--- On Wed, 5/30/12, djbroadhurst <

d.broadhurst@...> wrote:

> "paulunderwooduk" <paulunderwood@> wrote:

>

> > Please see my draft paper

>

> http://www.mersenneforum.org/showpost.php?p=298027&postcount=44

> Like many good ideas, Paul's modular equation [*], above, is

> both simple and effective. I think that it might usefully be

> decoupled from the rest of the preprint in a short (and also

> matrix-free) note along the lines "Lucas tests with Fermat

> tests for free", with due reference to C&P's 2 + 1 selfridge

> Frobenius method, whose Fermat test was not for free.

Sounds pretty neat. One caveat with two-for-the-price-of-one deals is that the two bits you get back might not actually be independent of each other, so you'd not be getting full value for money. It applies to all the Grantham one too of course.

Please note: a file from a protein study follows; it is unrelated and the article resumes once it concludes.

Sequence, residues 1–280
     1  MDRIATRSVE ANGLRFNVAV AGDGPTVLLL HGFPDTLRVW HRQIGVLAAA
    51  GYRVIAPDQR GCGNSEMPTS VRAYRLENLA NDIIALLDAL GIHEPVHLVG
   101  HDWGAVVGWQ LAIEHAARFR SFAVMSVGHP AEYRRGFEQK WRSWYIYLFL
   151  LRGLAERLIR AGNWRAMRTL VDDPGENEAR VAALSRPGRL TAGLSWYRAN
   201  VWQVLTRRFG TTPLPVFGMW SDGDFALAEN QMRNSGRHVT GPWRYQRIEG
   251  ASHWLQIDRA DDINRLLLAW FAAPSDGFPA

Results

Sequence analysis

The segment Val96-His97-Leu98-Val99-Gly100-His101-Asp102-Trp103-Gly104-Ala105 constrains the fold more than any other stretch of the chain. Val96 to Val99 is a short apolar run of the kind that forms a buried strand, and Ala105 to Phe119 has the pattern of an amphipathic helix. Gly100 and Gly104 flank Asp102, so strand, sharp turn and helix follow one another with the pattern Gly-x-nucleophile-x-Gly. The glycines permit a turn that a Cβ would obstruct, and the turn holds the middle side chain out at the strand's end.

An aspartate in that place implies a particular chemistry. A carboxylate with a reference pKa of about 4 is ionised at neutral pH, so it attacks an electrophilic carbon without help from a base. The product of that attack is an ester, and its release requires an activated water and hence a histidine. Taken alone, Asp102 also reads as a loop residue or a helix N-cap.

Note that generally mathematicians and computer scientists prefer their Big-Oh costs to refer to the size of the input, not the value of the input. So the cost of the FFT is O(d^(1+eps)), where d=lg(n), rather than O(n^(1+eps)).

Phil